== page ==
Linked Data is a grassroots project to use web technologies to expose data on the web. It is for many people  synonymous with the semantic web – and while this isn’t quite true. It does, as far as I’m concerned, represent a very large subset of the semantic web project. Interestingly, it can also be thought of as the ‘the web done right’, the web as it was originally designed to be.

But what is it?

Well it can be described with 4 simple rules.

1. Use URIs to identify things not only documents

The web was designed to be a web of things with documents making assertions about those real-world things. Just as a passport or driving license, in the real world, can be thought of as providing an identifier for a person making an assertion about who they are, so URIs can be thought of as providing identifiers for people, concepts or things on the web.

Minting URIs for things rather than pages helps make the web more human literate because it means we are identifying those things that people care about.

2. Use HTTP URIs – they are globally unique and anyone can dereference them

The beauty of the web is its ubiquitous nature – it is decentralised and able to function on any platform. This is because of TimBL’s key invention the HTTP URI.

URI’s are globally unique, open to all and decentralised. Don’t go using DOI or any other identifier – on the web all you need is an HTTP URI.

3. Provide useful information [in RDF] when someone looks up a URI

And obviously you need to provide some information at that URI. When people dereference it you need to give them some data – ideally as RDF as well as HTML. Providing the data as RDF means that machines can process that information for people to use. Making it more useful.

4. Include links to other URIs to let people discover related information

And of course you also need to provide links to other resources so people can continue their journey, and that means contextual links to other resources elsewhere on the web, not just your site.

And that’s it.

Pretty simple really and other than the RDF bit, I would argue that these principles should be followed for any website – they just make sense.

But why?

Before the Web people still networked their computers – but to access those computers you needed to know about the network, the routing and the computers themselves.

For those in their late 30s you’ll probably remember the film War Games – because this was written before the Web had been invented David and Jennifer the two ‘hackers’ had to find and connect directly to each computer; they had to know about the computer’s location.

Phoning up another computer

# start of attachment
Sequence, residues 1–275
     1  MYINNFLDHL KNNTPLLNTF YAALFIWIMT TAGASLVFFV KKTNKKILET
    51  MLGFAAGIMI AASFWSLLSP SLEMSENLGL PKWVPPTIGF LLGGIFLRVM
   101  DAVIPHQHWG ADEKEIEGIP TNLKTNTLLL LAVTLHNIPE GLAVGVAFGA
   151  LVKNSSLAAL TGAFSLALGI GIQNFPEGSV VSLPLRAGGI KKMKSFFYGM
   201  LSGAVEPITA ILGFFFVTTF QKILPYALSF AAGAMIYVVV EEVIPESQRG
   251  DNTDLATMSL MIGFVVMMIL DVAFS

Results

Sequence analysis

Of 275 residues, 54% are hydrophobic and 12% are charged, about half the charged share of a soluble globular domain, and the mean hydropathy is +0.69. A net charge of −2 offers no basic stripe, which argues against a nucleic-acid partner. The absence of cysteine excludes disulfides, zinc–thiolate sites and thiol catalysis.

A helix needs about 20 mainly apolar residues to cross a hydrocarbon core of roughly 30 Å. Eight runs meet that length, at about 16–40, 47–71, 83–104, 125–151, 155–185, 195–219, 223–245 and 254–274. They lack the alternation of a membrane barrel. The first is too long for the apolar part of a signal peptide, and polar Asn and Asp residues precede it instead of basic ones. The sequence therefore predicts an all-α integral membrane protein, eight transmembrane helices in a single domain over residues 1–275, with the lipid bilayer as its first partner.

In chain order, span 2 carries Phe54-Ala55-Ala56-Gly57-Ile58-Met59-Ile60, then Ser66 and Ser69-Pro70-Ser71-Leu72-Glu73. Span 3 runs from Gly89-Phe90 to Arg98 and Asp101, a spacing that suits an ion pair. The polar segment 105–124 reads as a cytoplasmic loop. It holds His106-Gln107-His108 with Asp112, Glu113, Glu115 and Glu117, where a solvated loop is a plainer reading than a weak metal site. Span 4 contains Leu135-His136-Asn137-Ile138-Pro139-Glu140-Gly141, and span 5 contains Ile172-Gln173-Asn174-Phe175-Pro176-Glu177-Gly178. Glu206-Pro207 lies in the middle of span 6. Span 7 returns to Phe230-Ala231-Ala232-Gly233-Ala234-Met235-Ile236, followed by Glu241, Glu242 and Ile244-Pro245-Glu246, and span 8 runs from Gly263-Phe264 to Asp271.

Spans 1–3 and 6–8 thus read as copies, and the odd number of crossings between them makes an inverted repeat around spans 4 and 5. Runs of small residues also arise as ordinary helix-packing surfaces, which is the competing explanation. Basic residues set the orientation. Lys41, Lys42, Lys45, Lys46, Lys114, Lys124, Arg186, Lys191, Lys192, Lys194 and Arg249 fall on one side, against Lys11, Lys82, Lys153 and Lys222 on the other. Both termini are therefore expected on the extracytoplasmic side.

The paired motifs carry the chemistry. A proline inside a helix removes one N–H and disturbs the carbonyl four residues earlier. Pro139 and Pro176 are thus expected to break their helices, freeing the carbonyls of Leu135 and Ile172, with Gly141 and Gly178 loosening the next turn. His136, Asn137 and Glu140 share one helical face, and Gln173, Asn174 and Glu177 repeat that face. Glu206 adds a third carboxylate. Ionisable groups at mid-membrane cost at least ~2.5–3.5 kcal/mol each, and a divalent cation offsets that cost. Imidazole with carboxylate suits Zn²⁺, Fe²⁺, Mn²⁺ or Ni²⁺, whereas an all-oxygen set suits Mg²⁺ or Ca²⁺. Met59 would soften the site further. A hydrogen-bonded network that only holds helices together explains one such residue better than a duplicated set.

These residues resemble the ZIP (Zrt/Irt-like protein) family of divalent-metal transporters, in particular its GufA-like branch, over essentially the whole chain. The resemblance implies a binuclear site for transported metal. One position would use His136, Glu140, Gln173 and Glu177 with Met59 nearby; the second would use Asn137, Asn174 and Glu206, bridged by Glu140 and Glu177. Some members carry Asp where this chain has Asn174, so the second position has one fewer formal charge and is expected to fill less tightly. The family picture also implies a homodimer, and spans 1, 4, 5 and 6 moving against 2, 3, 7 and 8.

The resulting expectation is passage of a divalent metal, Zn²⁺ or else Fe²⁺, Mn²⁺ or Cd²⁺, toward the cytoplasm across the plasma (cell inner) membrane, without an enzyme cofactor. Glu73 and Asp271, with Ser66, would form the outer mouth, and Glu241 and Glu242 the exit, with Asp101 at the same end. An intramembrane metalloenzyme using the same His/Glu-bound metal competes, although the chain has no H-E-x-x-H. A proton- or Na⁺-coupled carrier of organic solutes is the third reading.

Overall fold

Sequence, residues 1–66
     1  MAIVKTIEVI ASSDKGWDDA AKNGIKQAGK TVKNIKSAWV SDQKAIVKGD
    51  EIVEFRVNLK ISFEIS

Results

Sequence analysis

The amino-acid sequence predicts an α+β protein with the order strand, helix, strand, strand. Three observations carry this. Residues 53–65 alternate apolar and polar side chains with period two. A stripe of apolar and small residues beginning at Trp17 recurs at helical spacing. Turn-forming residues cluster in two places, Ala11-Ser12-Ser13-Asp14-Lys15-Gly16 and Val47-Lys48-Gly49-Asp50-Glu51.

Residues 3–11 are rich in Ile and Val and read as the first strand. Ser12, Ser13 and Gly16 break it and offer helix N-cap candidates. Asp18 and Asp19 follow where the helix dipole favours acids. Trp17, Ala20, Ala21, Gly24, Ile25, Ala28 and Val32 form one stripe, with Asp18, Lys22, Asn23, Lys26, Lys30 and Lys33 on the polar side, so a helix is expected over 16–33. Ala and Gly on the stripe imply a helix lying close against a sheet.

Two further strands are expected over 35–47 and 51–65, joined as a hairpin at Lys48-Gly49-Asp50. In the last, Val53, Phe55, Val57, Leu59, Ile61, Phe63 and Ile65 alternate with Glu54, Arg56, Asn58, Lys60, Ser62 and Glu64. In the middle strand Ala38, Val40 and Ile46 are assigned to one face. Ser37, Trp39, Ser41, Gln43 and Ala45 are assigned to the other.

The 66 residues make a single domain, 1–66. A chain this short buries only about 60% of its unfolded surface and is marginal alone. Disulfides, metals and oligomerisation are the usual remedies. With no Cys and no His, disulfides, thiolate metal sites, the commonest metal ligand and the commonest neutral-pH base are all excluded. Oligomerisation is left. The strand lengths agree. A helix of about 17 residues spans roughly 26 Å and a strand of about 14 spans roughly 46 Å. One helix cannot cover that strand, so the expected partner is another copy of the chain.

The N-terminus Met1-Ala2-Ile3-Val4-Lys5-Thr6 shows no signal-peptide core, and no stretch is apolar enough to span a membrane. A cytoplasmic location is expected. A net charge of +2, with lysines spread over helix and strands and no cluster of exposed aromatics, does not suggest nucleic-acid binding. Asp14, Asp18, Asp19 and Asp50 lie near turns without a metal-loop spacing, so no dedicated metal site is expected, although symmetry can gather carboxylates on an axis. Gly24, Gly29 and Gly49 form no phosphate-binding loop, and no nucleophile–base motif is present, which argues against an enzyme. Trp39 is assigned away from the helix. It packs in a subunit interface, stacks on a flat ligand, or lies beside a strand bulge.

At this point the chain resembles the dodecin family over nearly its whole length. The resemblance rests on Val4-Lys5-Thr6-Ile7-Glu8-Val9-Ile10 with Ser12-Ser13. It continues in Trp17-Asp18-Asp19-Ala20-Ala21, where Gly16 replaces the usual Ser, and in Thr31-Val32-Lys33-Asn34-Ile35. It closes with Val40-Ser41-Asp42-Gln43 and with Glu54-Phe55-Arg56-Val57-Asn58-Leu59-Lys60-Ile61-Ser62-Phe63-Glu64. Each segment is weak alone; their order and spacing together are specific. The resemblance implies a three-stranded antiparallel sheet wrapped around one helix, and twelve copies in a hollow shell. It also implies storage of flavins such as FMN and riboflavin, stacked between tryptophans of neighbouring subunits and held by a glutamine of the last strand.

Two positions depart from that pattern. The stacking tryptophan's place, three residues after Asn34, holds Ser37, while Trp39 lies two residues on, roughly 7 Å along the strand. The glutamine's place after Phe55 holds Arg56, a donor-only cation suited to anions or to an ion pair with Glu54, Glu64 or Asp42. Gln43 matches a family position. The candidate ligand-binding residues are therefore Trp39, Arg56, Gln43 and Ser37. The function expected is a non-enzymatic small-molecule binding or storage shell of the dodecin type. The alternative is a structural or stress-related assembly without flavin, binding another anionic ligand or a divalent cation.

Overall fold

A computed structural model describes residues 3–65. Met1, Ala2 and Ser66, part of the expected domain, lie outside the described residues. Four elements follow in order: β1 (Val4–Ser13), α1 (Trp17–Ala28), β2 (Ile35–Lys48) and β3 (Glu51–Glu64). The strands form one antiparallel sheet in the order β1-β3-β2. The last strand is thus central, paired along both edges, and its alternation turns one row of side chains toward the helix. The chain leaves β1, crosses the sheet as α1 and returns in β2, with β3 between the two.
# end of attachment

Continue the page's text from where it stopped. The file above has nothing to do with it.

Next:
War Games, 1983

The joy of the web is that it adds a level of abstraction – freeing you from the networking, routing and server location – it lets you focus on the document.

Following the principles of Linked Data allows us to add a further level of abstraction – freeing us from the document and letting us focus on the things, people and stuff that matters to people. It helps us design a system that is more human literate, and more useful.

This is possible because we are identifying real world stuff and the relationships between them.

Free information from data silos

Of course there are other ways of achieving this – lots of sites now provide APIs which is good just not great. Each of those APIs tend to be proprietary and specific to the site. As a result there’s an overhead every time someone wants to add that data source.

These APIs give you access to the silo – but the silo still remains. Using RDF and Linked Data means there is a generic method to access data on the web.

What are we doing at the BBC?

First up it’s worth pointing out the obvious: the BBC is a big place and so it would be wrong to assume that everything we’re doing online is following these principles. But there’s quite a lot of stuff going on that does.

We do have – BBC’s programme support, music discovery and, soon, natural history content all adopting these principles. In other words persistent HTTP URIs that can be dereferenced to HTML, RDF, JSON and mobile views for programmes, artists, species and habitats.

We want HTTP URIs for every concept, not HTML webpage – an individual page is made up of multiple resource, multiple concepts. So for example an artist page transcludes the resource ‘/:artist/news’ and ‘/:artist/reviews’ – but those resources also have their own URIs. If they didn’t they wouldn’t be on the web.